Steamboat Springs City Council members Tony Connell, left, and Scott Ford are sworn in on Tuesday night. The council then reached a compromise on a proposed pay plan for city employees.

Photo by Scott Franz

Steamboat Springs City Council members Tony Connell, left, and Scott Ford are sworn in on Tuesday night. The council then reached a compromise on a proposed pay plan for city employees.

Steamboat Springs City Council approves $600K in salary, benefit increases for city employees

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— The magic number was $600,000.

That's how much of the city's proposed pay raise plan — worth $738,000 — a divided Steamboat Springs City Council was comfortable approving this year.

The council's decision Tuesday night means the city will be able to increase the base wages of city employees who have sustained years of furloughs and salary freezes.

A recent market study found several of the city's employees also were making comparatively less than their counterparts in other cities.

The $600,000 in raises wasn't everything the city had asked for, but City Manager Deb Hinsvark said she appreciated council's decision.

“I think this council did their due diligence well and carefully considered what we were proposing,” she said after the meeting. “Except for firefighters, we haven't increased base wages in five years. It's a big move to make a change of this nature. I think they made a great decision.”

The council compromise came after Hinsvark and Finance Director Kim Weber gave the most well-received presentation to date on the salary adjustments, saying they were years overdue and would be sustainable.

Sonja Macys was one of two council members who supported the pay proposal in its entirety.

“I think we need to get off the dime. We need to value our human resources, and we need to recognize they are the most direct link to customer service we have,” Macys said.

Macys and Scott Myller were ready to embrace the pay plan as presented, but the five other council members weren't comfortable with the original price tag.

In the end, council resolved to try to establish a new compensation policy that could help it avoid having the same heated debates about employee pay in future years.

After reaching the compromise on the pay plan, the council moved into an equally contentious topic of funding for a new police station.

Saying much more work needed to be done, a majority of the council refused to sign off on $2.5 million for the facility next year.

After much discussion about the next steps for the station, the council instead voted to give the city $300,000 next year for due diligence and planning of the new police headquarters.

“What it forces us to do is ask for the next round of funding, which is a good thing,” Hinsvark said after the vote.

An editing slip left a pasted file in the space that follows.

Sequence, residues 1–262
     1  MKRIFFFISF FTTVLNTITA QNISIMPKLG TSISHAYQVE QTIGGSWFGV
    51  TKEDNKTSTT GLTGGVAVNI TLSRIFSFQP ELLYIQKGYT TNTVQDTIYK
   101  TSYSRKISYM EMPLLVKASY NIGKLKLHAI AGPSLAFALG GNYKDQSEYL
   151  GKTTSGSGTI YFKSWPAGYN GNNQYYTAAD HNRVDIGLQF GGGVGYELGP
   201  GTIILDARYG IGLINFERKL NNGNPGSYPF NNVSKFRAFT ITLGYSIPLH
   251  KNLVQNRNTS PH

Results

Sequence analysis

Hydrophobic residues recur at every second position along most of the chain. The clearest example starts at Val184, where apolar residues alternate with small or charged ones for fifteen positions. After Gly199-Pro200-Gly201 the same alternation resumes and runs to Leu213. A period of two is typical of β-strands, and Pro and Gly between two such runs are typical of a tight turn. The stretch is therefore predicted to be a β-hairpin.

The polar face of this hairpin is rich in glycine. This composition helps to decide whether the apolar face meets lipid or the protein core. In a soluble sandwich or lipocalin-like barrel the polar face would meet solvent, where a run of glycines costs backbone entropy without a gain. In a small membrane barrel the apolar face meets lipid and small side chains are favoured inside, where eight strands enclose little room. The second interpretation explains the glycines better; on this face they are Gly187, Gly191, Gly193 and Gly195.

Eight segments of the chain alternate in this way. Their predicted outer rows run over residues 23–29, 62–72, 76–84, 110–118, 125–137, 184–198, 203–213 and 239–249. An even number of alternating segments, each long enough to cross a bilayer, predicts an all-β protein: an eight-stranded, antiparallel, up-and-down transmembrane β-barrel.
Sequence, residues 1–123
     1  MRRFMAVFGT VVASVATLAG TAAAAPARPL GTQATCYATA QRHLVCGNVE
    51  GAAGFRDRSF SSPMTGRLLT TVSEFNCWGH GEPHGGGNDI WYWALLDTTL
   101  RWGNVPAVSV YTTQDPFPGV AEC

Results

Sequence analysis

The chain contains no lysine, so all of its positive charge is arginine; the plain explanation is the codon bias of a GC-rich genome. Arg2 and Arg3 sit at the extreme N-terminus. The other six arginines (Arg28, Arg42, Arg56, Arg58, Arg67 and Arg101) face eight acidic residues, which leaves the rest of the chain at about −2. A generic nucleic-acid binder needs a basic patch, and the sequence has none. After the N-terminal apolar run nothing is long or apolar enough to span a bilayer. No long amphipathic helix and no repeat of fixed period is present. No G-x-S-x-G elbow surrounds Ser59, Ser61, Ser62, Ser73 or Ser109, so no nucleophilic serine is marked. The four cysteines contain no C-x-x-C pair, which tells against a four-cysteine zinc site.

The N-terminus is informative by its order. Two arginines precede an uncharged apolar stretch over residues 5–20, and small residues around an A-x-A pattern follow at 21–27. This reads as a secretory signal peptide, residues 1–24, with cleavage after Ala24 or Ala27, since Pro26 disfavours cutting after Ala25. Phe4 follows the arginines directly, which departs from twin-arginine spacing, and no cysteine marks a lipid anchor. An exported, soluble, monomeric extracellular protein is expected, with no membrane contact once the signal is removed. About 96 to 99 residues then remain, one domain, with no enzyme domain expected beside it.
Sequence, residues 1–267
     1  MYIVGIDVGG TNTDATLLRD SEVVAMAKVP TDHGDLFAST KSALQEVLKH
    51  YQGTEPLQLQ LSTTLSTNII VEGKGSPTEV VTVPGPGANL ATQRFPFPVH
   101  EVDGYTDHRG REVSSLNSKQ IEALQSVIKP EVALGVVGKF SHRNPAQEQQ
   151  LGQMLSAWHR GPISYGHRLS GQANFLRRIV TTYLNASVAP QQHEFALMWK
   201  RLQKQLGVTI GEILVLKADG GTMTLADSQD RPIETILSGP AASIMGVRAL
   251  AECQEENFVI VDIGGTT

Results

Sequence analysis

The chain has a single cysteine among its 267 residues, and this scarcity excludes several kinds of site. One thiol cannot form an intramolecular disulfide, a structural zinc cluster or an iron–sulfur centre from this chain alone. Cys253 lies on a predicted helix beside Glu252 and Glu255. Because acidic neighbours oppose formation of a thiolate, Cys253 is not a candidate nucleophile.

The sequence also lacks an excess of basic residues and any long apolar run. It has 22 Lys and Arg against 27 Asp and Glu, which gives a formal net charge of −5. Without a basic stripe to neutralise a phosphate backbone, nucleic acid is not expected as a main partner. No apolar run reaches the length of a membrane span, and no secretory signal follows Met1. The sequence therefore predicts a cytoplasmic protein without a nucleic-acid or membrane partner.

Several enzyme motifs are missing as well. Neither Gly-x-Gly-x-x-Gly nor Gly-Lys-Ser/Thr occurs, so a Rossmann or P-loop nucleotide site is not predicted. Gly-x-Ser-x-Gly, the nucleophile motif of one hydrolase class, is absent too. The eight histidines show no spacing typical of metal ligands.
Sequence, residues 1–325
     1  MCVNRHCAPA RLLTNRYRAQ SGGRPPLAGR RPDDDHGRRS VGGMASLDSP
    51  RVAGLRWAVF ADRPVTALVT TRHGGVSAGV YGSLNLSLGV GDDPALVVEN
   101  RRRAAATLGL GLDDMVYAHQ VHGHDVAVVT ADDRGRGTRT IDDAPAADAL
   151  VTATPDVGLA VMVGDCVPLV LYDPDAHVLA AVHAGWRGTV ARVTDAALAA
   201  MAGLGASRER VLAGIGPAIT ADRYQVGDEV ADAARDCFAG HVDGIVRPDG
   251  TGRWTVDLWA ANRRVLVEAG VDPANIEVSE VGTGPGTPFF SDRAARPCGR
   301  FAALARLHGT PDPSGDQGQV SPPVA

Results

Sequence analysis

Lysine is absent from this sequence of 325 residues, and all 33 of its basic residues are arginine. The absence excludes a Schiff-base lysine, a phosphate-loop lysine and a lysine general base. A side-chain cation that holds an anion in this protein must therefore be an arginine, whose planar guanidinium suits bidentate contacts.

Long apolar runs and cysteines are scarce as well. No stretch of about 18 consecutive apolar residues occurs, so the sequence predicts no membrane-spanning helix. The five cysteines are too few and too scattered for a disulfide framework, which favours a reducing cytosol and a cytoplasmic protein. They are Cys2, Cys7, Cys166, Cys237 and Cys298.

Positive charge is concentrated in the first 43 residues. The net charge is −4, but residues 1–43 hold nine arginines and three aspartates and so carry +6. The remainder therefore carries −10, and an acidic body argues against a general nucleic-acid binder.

The city has spent about $120,000 on planning and site visits for the new station, according to Anne Small, the city's director of general services.

The council is tentatively scheduled to hear a presentation Dec. 3 about the latest sites being considered for the station.

Macys was the lone "no" vote on the police station funding, the pay plan compromise and the first reading of the 2014 budget.

She favored the city's original proposal for the raises and still wasn't convinced the city needed the money in the budget for the police station planning because of previous missteps on the project.

Kounovsky re-elected council president

Tuesday's meeting was one of the more action-packed sessions this year.

It kicked off with new members Tony Connell and Scott Ford being sworn in, and Bart Kounovsky being re-elected as council president.

But competition for the No. 2 slot on the council was fierce.

Kenny Reisman nominated Myller for a second term as president pro-tem, Connell nominated Ford for the job, and Ford nominated Macys.

Council members in favor of Ford and Macys said they wanted to see “new blood” and some new ideas on the council’s leadership team.

It took several rounds of voting for Myller to win the post again, with Magill and Connell initially supporting Ford, and Macys supporting herself along with Ford. Myller eventually won support from Kounovsky, Reisman, himself and Connell.

“I heard you loud and clear you'd like to see more out of me, and I'll do that,” he said.

In the other big decision of the night, the council decided how to move forward after voters here overwhelmingly approved spending the city's lodging tax on trails and the Yampa River promenade for the next decade.

Members resolved to form two seven-member steering committees to help oversee the distribution of the funds on both projects.

The council will determine the composition of the steering committees Nov. 19 and plan to interview candidates Dec. 17 after the committee spots are advertised.

To reach Scott Franz, call 970-871-4210, email scottfranz@SteamboatToday.com or follow him on Twitter @ScottFranz10.

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